Recommended Semester Schedule for Major Course Requirements
|HSV 200||HSV 201|
|EDE 100||HSV 300|
|HSV 301||HSV 302|
|HSV 450||HSV 498|
|Major Elective||Major Elective|
|HSV 480 (Capstone)||HSV 495|
Learning Goals and ObjectivEs
Learning Goal 1: Candidates in the Human Services Program will demonstrate content knowledge, pedagogical, and professional knowledge necessary for successful performance in their field.
- Demonstrate knowledge of the basic concepts and theories of the field of human services
- Demonstrate knowledge of research methodologies used in the field of human services
- Demonstrate and understanding of how individuals, families, and cultures function in society and the relationships among societal structures.
Learning Goal 2: Candidates in SEHS programs will demonstrate professional skills and dispositions necessary for successful performance in their field.
- Apply human services concepts and theories to specific problems of human society
- Apply quantitative and qualitative research methodologies to solve problems in society
- Demonstrate good people helping and communication skills
- Demonstrate effective leadership skills
Learning Goal 3: Candidates in SEHS programs will demonstrate willingness to use their skills to benefit and serve society. Within the contexts of their work, candidates promote authentic learning, social and emotional development, and a commitment to social justice in environments that foster respect for diversity and the dignity of all.
- Actualize the Canisius College Jesuit mission by providing “cura personalis” to clients of human service agencies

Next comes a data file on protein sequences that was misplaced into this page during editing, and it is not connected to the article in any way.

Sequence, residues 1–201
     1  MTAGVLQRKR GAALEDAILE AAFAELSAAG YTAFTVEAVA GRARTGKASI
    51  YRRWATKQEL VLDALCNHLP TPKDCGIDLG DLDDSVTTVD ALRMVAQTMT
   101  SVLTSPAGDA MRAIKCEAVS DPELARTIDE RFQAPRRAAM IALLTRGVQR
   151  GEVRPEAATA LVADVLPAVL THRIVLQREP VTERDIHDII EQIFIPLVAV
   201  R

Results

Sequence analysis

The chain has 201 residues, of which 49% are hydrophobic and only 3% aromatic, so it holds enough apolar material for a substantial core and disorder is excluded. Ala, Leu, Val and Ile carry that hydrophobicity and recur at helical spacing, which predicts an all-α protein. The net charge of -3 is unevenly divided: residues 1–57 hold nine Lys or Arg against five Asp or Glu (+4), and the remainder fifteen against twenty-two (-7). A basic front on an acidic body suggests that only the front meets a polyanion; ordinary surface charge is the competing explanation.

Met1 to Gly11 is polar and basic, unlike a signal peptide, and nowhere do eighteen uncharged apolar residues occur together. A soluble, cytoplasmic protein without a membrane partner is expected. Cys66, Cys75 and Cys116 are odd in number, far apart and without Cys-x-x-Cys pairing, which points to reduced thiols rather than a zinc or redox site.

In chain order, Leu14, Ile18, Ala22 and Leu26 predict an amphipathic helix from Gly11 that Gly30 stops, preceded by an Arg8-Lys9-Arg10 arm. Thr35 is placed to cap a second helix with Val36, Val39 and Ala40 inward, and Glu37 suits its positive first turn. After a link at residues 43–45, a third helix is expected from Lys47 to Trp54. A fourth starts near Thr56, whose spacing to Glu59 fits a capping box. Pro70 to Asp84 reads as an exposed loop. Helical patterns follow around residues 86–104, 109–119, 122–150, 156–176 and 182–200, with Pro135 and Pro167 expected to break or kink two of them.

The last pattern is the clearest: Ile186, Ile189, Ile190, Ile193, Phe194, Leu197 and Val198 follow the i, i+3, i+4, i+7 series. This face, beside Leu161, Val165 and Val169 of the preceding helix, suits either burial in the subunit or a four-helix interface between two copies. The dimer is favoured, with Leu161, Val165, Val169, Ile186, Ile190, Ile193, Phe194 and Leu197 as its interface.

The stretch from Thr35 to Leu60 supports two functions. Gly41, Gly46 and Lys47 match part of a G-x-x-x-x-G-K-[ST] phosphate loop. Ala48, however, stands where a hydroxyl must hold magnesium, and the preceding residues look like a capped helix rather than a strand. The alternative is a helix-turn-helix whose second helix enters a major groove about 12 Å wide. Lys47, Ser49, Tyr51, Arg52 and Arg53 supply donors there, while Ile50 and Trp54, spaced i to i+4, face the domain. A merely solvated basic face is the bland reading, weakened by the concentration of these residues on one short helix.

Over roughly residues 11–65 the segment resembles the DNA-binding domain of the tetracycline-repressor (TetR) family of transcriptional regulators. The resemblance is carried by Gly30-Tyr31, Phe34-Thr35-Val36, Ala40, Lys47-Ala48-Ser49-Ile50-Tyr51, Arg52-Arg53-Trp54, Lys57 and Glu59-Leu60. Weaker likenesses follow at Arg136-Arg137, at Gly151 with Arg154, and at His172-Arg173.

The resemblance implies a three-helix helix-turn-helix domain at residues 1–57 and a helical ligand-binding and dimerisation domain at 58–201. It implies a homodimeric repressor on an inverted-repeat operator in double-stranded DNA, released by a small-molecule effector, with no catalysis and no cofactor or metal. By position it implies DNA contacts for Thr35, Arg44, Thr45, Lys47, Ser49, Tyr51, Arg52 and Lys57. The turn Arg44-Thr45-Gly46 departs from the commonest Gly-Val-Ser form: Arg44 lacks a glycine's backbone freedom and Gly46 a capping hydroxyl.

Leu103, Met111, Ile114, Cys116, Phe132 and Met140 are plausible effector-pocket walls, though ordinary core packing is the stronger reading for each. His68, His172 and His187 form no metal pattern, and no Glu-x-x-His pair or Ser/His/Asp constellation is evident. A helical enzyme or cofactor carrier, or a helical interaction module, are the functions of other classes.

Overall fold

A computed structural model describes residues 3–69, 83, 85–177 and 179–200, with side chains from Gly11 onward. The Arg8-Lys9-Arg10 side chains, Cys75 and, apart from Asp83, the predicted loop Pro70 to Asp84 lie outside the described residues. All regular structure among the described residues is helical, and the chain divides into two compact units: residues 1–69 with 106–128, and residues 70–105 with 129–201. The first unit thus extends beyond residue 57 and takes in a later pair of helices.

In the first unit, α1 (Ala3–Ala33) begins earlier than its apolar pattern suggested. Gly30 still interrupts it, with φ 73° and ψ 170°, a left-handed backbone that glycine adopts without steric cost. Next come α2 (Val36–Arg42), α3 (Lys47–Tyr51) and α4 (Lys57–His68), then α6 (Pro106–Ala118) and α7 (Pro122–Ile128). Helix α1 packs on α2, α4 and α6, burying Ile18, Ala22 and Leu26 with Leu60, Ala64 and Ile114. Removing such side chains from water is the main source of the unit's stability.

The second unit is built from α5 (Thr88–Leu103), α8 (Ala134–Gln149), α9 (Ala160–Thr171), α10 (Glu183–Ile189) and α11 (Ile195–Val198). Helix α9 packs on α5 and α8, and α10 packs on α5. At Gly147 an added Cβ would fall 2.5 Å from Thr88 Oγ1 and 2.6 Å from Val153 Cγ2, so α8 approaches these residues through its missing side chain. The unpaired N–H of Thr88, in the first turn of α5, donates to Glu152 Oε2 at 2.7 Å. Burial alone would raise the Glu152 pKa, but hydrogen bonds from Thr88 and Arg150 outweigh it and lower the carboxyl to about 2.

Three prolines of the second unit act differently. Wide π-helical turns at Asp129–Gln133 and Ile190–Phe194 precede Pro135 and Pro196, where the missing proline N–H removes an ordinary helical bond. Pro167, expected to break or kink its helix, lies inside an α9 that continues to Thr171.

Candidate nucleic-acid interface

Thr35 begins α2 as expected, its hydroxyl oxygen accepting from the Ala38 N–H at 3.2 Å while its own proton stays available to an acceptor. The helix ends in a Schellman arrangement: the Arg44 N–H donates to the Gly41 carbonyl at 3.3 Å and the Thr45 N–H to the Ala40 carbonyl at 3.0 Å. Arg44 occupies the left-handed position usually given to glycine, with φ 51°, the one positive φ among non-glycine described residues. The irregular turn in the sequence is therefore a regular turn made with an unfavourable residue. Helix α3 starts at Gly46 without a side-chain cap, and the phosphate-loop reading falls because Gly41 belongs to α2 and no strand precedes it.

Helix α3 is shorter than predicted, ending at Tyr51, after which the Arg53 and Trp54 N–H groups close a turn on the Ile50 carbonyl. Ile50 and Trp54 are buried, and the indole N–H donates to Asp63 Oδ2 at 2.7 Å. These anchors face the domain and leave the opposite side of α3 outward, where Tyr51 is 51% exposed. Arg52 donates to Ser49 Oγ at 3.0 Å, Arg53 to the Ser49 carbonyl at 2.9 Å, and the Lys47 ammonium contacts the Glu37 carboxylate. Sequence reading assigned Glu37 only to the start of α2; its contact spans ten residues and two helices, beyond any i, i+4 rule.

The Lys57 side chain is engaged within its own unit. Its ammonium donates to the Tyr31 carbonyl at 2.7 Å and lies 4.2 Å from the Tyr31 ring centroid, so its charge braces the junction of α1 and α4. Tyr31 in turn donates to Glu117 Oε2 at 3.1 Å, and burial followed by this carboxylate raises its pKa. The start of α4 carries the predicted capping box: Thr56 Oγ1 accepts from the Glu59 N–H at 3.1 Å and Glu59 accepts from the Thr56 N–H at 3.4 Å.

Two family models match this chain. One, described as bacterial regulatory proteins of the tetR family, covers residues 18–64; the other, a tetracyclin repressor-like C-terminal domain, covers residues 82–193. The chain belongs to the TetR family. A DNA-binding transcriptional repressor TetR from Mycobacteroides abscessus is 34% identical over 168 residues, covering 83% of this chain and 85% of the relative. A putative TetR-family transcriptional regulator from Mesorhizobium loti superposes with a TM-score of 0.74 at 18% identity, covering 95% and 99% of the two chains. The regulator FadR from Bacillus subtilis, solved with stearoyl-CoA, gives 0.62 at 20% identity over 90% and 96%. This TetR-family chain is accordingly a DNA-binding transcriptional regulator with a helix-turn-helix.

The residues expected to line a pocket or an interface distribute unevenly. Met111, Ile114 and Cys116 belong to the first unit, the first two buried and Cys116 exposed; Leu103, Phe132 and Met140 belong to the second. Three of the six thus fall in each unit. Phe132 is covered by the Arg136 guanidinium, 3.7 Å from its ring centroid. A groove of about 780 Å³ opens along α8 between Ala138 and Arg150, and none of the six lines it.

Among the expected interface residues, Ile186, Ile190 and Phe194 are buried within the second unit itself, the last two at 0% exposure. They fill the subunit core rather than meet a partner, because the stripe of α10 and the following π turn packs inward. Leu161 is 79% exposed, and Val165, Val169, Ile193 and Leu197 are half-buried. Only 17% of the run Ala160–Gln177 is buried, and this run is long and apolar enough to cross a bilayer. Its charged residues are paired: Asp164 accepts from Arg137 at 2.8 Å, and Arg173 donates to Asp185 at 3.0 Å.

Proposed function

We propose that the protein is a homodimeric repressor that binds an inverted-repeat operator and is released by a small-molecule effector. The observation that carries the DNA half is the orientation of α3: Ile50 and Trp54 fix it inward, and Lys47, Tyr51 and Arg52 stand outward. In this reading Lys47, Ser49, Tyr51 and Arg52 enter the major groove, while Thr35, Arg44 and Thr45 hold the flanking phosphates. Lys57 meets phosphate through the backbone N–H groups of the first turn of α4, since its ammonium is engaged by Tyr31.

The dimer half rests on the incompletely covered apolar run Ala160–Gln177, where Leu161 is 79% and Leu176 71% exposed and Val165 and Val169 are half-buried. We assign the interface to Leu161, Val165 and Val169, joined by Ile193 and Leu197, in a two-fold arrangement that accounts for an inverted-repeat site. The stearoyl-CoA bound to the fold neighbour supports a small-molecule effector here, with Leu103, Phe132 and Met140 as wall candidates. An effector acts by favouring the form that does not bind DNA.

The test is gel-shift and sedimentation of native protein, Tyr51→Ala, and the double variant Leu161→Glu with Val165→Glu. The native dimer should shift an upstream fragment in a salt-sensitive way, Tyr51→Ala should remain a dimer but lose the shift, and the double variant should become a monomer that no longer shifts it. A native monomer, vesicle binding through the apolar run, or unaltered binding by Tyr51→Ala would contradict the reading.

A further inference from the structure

- Understand how personal and societal change takes place and how to facilitate change in a constructive way
- Acquire and apply ethical and moral decision making practices in the field of human services.
- Demonstrate best practices in the field of human services
Learning Goal 4: Candidates will demonstrate self-reflection as a habit of mind, continuously assessing and refining their professional practice as they construct a rich repertoire of research-based knowledge, skills, and attitudes for effective performance ensuring that all students and/or clients have optimal opportunities to learn and grow.
- Learn evidence-based intervention strategies in the field of human services
- Learn evidence-based assessment instruments to measure program quality and to use the evidence to make effective changes in professional practice
- Learn fundamentals of designing and managing professional agencies and how to adapt in response to individual, familial, and societal demands.
Learning Goal 5: Candidates will become adept at applying their acquired knowledge in the process of evaluating their own professional performance and decision-making with respect to its impact on students and/or clients, organizations, and the wider community
- Demonstrate the ability to reflectively connect their efforts to the success and well-being of those that they serve.
HSV 200 Introduction to Human Services 3 Credits